Advice for Musicians
Wind and brass players often have specific concerns before and during treatment. The information in this section aims to provide practical advice on orthodontic treatment if you are a musician.
Braces and Wind Instruments
Playing a wind instrument is a complex task involving the muscles of the face and lips, the tongue and the teeth. Some musicians who play a wind instrument may find that orthodontic treatment affects their ability to practise and perform.
Inexperienced musicians will probably find that wearing a brace doesn’t change their performance very much, but more experienced, proficient players may notice a greater change. The good news is, that with practice and motivation, most wind instrument players can adjust to wearing braces. The information here explains what wind instrument musicians can expect whilst wearing a brace and suggests some ways of coping with problems.
Before you start orthodontic treatment you should talk to your orthodontist about the instrument you play, the brace you will need and the possible difficulties you may have with your musical performance whilst wearing a brace. This may affect whether you decide to go ahead with orthodontic treatment or not.
If you have a cold sore, it may be best to cancel your appointment with the orthodontist.
Advice for Musicians Wearing Removable Braces
- Removable braces can usually be removed whilst playing and so may not affect playing at all. However, the change in the position of the teeth and their alignment may affect your performance.
- Ask your orthodontist if you are able to take your brace out when you play your musical instrument.
- Tell your orthodontist how many hours you practice each day. Leaving your brace out for long periods of time might influence the success of your treatment.
- When you are not wearing your brace, make sure you keep it in a safe place so that you don’t lose or break it.
Advice for Musicians Wearing Fixed Braces
- Most wind instrument musicians will get used to wearing a fixed brace within a few months. The more you practice, the quicker you will adjust to your new brace.
- If you play a woodwind instrument such as a clarinet or saxophone, you may adjust to your new brace very quickly.
- If you play a brass instrument such as a trumpet or trombone you may have problems playing high notes, especially soon after your brace is first fitted.
- If you are having a new brace fitted, try to arrange this at a time when you don’t have important music exams, auditions or performances. Your music teacher should be able to advise you about important dates.
- Some types of fixed brace may be more difficult to get used to than others. Before you start orthodontic treatment make sure your orthodontist knows that you play a wind instrument.
- If your musical performance is very important to you, it may be possible for your orthodontist to fit part of your brace to see how you cope with this before having the whole brace fitted. Ask your orthodontist about this.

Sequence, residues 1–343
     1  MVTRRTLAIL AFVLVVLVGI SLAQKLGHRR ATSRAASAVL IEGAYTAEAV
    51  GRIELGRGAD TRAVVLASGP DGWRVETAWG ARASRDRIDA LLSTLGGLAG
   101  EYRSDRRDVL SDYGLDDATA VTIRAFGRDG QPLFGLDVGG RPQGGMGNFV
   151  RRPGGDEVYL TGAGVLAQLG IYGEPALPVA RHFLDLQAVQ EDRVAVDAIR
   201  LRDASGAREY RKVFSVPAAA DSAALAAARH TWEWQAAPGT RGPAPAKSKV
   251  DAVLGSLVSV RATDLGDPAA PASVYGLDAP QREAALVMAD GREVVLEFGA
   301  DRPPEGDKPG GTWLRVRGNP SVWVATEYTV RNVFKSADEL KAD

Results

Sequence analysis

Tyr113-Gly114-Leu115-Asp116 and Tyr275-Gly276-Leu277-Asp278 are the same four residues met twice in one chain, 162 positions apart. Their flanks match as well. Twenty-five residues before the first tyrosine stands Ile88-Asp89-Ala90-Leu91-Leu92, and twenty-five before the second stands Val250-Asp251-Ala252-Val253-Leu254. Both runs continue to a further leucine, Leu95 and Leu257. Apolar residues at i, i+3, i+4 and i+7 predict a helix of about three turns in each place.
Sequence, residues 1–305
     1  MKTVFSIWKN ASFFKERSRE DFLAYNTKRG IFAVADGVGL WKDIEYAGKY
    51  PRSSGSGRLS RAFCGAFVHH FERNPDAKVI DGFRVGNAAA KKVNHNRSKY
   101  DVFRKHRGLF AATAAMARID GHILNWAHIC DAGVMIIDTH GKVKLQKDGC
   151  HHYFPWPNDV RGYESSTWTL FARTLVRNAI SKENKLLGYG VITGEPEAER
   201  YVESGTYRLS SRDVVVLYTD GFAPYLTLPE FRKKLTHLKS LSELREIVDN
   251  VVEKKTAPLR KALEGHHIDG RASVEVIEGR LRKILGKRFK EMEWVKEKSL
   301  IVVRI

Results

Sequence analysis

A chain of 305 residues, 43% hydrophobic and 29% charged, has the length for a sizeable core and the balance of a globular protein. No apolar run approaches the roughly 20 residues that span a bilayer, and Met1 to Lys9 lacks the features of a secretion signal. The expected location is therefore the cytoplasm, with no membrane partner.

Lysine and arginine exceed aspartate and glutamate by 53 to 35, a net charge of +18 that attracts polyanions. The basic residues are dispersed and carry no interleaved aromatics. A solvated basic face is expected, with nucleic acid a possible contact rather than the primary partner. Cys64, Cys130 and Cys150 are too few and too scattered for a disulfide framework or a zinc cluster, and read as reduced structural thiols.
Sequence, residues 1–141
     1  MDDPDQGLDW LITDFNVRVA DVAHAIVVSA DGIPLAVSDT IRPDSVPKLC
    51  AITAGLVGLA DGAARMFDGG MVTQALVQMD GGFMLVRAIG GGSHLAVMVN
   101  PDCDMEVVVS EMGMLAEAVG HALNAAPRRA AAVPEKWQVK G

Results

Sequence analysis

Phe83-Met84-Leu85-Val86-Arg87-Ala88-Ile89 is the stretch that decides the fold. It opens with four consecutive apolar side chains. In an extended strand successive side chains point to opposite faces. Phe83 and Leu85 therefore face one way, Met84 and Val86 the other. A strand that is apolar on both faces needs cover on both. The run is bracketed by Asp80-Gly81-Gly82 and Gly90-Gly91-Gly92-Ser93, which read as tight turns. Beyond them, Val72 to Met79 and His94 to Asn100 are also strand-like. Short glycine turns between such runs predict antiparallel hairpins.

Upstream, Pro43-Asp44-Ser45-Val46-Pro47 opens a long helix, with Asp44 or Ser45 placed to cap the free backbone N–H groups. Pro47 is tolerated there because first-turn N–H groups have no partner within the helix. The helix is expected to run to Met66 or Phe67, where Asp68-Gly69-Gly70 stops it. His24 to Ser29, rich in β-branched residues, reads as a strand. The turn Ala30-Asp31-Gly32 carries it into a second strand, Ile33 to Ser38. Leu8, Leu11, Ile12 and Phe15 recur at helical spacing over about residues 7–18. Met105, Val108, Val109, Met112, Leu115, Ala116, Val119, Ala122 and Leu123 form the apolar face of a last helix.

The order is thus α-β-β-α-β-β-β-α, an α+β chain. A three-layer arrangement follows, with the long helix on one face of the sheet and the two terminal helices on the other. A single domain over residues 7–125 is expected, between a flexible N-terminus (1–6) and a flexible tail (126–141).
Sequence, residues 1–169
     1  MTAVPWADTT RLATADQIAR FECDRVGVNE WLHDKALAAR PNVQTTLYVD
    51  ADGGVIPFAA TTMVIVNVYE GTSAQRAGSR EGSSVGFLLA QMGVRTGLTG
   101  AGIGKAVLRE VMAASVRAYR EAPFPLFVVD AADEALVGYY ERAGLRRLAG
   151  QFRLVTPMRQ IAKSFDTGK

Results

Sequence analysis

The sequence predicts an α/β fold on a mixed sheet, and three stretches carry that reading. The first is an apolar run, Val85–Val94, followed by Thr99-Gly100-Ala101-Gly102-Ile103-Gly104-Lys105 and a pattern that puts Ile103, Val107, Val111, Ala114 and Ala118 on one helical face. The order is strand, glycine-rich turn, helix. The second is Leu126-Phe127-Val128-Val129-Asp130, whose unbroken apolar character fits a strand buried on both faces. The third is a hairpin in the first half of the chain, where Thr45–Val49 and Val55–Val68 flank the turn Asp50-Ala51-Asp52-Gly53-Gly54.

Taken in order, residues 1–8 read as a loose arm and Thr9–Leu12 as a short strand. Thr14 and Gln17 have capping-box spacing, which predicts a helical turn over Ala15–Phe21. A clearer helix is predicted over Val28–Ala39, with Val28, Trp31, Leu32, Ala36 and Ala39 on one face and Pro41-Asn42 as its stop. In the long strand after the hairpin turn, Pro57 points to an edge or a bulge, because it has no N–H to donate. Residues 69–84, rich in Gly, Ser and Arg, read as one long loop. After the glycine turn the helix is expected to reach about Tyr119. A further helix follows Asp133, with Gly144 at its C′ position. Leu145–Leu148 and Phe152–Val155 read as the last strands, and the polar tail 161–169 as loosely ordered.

- Your brace may rub the inside of your lips and cheeks. Various products made of plastic or wax can be used to protect your lips when you are playing. Ask your orthodontist what would be most suitable for you. Because the mouthpiece of a brass instrument is pressed against the lips, some players find that the inside of their lips become sore whilst practising or performing. If this is a problem for you, ask your music teacher if your mouthpiece can be changed for a larger one to spread the load more. Wind instrument players sometimes get a dry mouth whilst practising or performing.
- Because the mouthpiece of a brass instrument is pressed against the lips, some players find that the inside of their lips become sore whilst practising or performing. If this is a problem for you, ask your music teacher if your mouthpiece can be changed for a larger one to spread the load more.
- Wind instrument players sometimes get a dry mouth whilst practising or performing. Consider practising for no more than 10 to 15 minutes at a time and take regular breaks to drink plenty of water during the practice sessions or performances. Refrain from drinking fruit drinks, fizzy drinks and sugary drinks which can all damage your teeth.
- If you have teeth removed as part of your treatment, it may be a good idea to stop playing your instrument for approximately two weeks until healing has occurred. Ask your dentist for advice.
- When your orthodontic treatment is finished and your brace is removed it will take a little while to get used to playing without a brace, but your new tooth positions should not affect your ability to play.
- Finally, at the end of your treatment you must wear your retainers as your orthodontist has prescribed.
Although having a brace will temporarily affect musical performance, the good news is that with practice and motivation, most wind instrument players can adjust to wearing braces. Before starting treatment talk to your orthodontist about how treatment may affect your performance. If you have problems during treatment ask your orthodontist for advice.